The Commonwealth Bank of Australia (ASX: CBA) share price has been a positive performer on Wednesday following the release of…
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Investors responded so positively to the result that they drove the banking giant’s shares to a new record high of $109.03.
What is getting investors excited?
While CBA’s strong profit growth was no doubt a highlight, its capital return is arguably what is getting shareholders most excited and helping to drive the CBA share price higher.
The market was expecting some form of capital return from CBA, particularly given recent buyback announcements by its peers, but the quantum of the CBA share buyback has caught investors by surprise.
The CBA share buyback
This morning Australia’s largest bank announced a $6 billion share buyback.
This represents approximately 3.5% of its issued capital and compares very favourably to the market’s expectations. For example, Goldman Sachs was forecasting a capital return of $3.6 billion.
CBA’s Chairman Catherine Livingstone said: “CBA’s strong capital position and our progress on executing our strategy mean that we are well placed to continue to support our customers and manage ongoing uncertainties, while also returning a portion of surplus capital to shareholders. After careful consideration, your Board has determined that the Buy-Back is the most efficient and value-enhancing strategy to distribute CBA’s surplus capital and franking credits.”
What you need to know
Unlike recent buybacks announced by other banks, the CBA share buyback will be undertaken off-market via a tender offer. This is far more complex than an on-market buyback where you can just sell your shares via your broker as normal.
Shareholders that wish to take part in the CBA share buyback can offer to sell their shares at a discount in the range of 10% to 14% inclusive.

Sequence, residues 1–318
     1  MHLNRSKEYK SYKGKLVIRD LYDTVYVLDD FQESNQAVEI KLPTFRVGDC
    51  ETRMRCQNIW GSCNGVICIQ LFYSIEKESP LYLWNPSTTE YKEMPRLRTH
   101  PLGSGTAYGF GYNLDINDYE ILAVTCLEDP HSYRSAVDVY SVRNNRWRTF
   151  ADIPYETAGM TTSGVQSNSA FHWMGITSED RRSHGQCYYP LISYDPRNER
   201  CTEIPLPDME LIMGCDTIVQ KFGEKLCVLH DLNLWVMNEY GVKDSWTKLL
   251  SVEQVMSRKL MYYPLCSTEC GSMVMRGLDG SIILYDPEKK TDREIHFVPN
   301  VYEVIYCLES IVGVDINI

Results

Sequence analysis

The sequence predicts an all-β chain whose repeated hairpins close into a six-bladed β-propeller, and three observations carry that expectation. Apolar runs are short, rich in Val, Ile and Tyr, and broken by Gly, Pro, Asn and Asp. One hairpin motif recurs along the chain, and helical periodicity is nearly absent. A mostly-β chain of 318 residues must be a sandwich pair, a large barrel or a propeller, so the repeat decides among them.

Alternatively, shareholders can simply elect to sell their shares at the final CBA buyback price. This will be within the discount range mentioned above.
Why take part in the CBA share buyback?
You might be wondering why you would want to sell your shares at such a discount? Especially given how you would have no issue offloading shares at the market price today.
There is a good reason for this. CBA has obtained a draft Class Ruling from the Australian Taxation Office indicating that, for Australian income tax purposes, the CBA share buyback price will comprise a capital component of $21.66 per share, with the remainder deemed to be a fully franked dividend.
This means that if CBA bought back shares at $96.66, for example, $21.66 would be a capital component and $75.00 would be treated as a fully franked dividend. This clearly has significant tax benefits depending on your tax status.
In addition, another smaller positive with the off-market transaction is that it does not incur brokerage fees.
The CBA share buyback goes ex-entitlement on 17 August. This means shares acquired on or after this date are not eligible to be bought back.
The buyback period will then open on 30 August before closing on 1 October. After which, contracts will be entered into on 4 October and the proceeds will then be paid to successful shareholders on 8 October.
Eligible shareholders will also still receive the CBA dividend. This is regardless of whether they offer their shares up as part of the buyback. That is scheduled to be paid on 29 September.
Should you invest $1,000 in CBA right now?
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Motley Fool contributor James Mickleboro has no position in any of the stocks mentioned. The Motley Fool Australia’s parent company Motley Fool Holdings Inc. has no position in any of the stocks mentioned. The Motley Fool Australia has no position in any of the stocks mentioned. The Motley Fool has a disclosure policy. This article contains general investment advice only (under AFSL 400691). Authorised by Bruce Jackson.